Appellants argue that the rule announced in Hardin should be reconsidered because it is unduly harsh and not in accord with the result reached in the majority of jurisdictions which have recently considered the issue. Respondents counter that the reasoning of Hardin is sound and should not be overruled. They further maintain that the issue presented is one of public policy which would be more appropriately decided in the legislature rather than the courts. The Missouri Hospital Association and the Missouri State Medical Association were granted leave to file briefs as amici curiae and their briefs supported the arguments advanced by respondents.
Because the action for wrongful death is statutory, we must first examine the pertinent language of the present Missouri statute, §§ 537.080 to 537.100, RSMo 1978 (1982 supp.). *fn2
Section 537.080 provides, in part, that:
Whenever the death of a person results from any act, conduct, occurrence, transaction, or circumstance which, if death had not ensued, would have entitled such person to recover damages in respect thereof, the person or party who, or the corporation which, would have been liable if death had not ensued shall be liable in an action for damages, notwithstanding the death of the person injured, which damages may be sued for [by certain classes of plaintiffs which are enumerated here.] Provided further that only one action may be brought under this section against any one defendant for the death of any one person.
Section 537.090 provides that: In every action brought under Section 537.080, the trier of the facts may give to the party or parties entitled thereto such damages as the trier of the facts may deem fair and just for the death and loss thus occasioned, having regard to the pecuniary losses suffered by reason of the death, funeral expenses, and the reasonable value of the services, consortium, companionship, comfort, instruction, guidance, counsel, training, and support of which those on whose behalf suit may be brought have been deprived by reason of such death and without limiting such damages to those which would be sustained prior to attaining the age of majority by the deceased or by the person suffering any such loss. In addition, the trier of the facts may award such damages as the deceased may have suffered between the time of injury and the time of death and for the recovery of which the deceased might have maintained an action had death not ensued. The mitigating or aggravating circumstances attending the death may be considered by the trier of the facts, but damages for grief and bereavement by reason of the death shall not be recoverable.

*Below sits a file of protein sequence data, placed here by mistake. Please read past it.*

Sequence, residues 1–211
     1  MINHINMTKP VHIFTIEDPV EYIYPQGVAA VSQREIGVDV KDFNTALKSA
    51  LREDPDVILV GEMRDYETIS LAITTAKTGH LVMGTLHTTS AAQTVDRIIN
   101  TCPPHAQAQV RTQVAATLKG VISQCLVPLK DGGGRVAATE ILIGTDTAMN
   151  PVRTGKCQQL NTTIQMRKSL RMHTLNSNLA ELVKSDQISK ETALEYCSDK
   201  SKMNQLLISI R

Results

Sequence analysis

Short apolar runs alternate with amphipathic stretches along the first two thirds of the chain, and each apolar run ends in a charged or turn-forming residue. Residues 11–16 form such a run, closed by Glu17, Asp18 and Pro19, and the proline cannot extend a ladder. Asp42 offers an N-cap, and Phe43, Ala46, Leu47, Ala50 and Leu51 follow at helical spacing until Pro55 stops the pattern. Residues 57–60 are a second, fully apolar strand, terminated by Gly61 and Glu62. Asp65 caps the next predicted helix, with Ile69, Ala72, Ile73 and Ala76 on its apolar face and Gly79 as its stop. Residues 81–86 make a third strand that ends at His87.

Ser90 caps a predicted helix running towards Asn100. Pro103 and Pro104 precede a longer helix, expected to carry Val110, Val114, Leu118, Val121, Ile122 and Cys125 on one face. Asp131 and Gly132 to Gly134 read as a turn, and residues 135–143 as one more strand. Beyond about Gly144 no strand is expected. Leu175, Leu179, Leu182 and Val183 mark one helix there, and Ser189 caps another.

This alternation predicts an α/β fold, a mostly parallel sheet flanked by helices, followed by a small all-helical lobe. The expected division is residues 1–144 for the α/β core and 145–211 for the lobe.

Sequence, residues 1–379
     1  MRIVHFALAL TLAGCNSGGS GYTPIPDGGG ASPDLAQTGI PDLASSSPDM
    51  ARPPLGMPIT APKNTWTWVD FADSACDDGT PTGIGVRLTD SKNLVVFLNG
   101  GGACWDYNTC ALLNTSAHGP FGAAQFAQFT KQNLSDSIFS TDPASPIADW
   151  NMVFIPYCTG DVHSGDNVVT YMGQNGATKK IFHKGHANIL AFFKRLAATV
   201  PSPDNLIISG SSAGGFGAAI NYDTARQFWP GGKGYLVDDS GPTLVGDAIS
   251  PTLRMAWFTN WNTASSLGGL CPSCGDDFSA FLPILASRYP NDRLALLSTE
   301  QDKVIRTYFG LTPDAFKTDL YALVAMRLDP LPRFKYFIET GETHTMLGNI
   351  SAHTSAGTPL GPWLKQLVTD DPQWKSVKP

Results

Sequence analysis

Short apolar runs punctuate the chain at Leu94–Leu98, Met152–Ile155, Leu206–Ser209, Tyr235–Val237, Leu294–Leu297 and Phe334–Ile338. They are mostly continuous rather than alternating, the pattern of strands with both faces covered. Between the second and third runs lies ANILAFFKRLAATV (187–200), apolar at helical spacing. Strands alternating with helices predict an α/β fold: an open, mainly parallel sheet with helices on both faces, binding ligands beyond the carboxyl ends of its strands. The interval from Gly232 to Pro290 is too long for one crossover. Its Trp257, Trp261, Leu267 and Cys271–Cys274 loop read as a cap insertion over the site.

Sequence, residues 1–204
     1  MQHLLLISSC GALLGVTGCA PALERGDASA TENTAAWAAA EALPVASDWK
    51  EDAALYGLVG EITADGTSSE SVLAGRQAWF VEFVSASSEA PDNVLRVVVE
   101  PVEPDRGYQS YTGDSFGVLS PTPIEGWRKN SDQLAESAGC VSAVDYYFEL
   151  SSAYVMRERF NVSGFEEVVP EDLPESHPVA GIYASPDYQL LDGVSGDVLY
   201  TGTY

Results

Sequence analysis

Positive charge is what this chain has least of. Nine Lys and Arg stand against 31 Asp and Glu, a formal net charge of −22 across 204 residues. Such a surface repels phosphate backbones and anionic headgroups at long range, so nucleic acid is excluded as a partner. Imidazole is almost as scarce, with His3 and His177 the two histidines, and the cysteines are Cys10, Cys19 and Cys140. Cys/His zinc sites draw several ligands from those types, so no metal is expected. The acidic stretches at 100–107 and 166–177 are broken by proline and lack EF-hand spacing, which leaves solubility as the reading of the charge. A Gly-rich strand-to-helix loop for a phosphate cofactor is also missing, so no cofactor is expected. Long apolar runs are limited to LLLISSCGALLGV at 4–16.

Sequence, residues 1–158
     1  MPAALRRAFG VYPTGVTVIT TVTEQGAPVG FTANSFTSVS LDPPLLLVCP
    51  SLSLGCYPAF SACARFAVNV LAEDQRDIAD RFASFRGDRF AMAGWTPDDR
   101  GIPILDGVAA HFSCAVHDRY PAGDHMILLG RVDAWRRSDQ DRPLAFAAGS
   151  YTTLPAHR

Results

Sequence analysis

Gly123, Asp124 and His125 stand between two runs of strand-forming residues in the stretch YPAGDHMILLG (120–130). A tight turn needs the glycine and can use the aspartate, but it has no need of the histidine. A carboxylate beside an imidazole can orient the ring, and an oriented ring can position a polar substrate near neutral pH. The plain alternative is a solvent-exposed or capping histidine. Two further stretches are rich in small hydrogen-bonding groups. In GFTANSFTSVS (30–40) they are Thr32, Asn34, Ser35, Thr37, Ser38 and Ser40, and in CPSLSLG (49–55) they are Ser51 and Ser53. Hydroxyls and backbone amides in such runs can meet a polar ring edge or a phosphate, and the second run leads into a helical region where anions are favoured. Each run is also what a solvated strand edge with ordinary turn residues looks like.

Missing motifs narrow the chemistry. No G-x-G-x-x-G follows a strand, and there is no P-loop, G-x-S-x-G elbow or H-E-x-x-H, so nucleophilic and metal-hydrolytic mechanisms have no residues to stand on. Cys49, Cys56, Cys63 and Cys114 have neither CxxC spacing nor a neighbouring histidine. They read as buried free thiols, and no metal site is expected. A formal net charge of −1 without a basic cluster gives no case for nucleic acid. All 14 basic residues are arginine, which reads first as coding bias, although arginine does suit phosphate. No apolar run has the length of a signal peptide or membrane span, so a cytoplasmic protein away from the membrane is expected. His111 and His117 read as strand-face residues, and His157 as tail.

This language is a significant change from the prior Section 537.090, which provided only for such damages as would "fairly and justly compensate" the plaintiff. See Note, 45 Mo. L. Rev. 476 at 482. The earlier provision "was construed to allow recovery only for 'pecuniary' losses. In other words, no recovery was permitted for loss of companionship, society or comfort as a result of the death." (Footnotes omitted). Id., citing Acton v. Shields, 386 S.W.2d 363 (Mo. 1965). In Acton we denied recovery for the wrongful death of a fetus on the ground that the plaintiffs in that case (who were grandparents, aunts and uncles of the unborn child) were unable to show "a reasonable probability of pecuniary benefit" from the continued life of the child. 386 S.W.2d at 366. The new statute explicitly declares the legislature's intention that damages in wrongful death actions should include compensation for the loss of "consortium, companionship, comfort, instruction, guidance, counsel, training, and support." § 537.090 RSMo 1978 (1982 Supp.).